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Saturday, 2 April 2011

Griff says; Spooky happenings in Edinburgh

Edinburgh, surely the most haunted place in Scotland judging by the sheer number of ghost walks put on for the eager tourists, and home for tonight's band; Scotland's own The Spook School. Those of you educated in art history may well be confused at this point, as previously the phrase 'Scotland's own Spook School' referred, of course, to Charles Rennie Mackintosh and friends and their Celtic influence on the Art Nouveau movement etc. But forget all that, it's irrelevant (unless the band get in touch and tell us that the Glasgow School is an influence on them, which would be unusual, admittedly, but pretty cool). Anyway, I digress, this The Spook School are a young, unsigned, indie-pop band from Edinburgh who have thus far recorded two songs, funded by Creative Scotland, both of which can be freely downloaded on either their page or bandcamp page.
I know very little about the band other than that the members are; Naomi Todd, Adam Todd, Anna Cory and Niall McCamley. I also really like this blurb on their bandcamp page:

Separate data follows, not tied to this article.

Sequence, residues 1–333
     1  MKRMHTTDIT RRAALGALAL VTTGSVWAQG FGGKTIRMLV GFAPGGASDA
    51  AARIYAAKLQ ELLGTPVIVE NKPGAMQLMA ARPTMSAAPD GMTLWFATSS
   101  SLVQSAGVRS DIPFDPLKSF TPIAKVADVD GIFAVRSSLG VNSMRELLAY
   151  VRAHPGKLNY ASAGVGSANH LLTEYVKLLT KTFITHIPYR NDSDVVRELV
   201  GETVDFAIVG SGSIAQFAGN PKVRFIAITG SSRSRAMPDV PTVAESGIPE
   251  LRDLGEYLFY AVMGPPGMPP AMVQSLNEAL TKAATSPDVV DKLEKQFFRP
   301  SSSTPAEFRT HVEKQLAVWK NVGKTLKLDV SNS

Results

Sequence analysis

NOTE: Even though it says 'Buy Album' above, you can download these songs FOR FREE. We wont mind. Honestly. Obviously we'd be very flattered if you decided to give us some money, but it's really not a requirement. We'd rather you had them. TAKE THEM!

Well, it would be rude not to do just that after such a generous invitation. As regards the songs, it's difficult to say just what sort of sound The Spook School will eventually evolve. The first track 'History' has a memorably oblique and quirky lyric, the backing though is a fairly standard but competent stab at indie-rock. The second song Hallam is, in this writers opinion, much more interesting and had me sitting up right away. Again the lyric is arresting and unusual; this time, however, the accompanying music is perfectly matched and every bit as attention grabbing. The track starts with the melancholy calling of seagulls before some lovely light mandolin(?) playing ushers in the music. The song then builds slowly up with sweeping reverb-laden guitar chords and some wonderfully ethereal backing vocals. This produces a marvellously evocative and eerily doomed air, which I found impossible to resist. Have a listen below and see what you think:

Excellent, I hope you'll agree. More like this please, guys.


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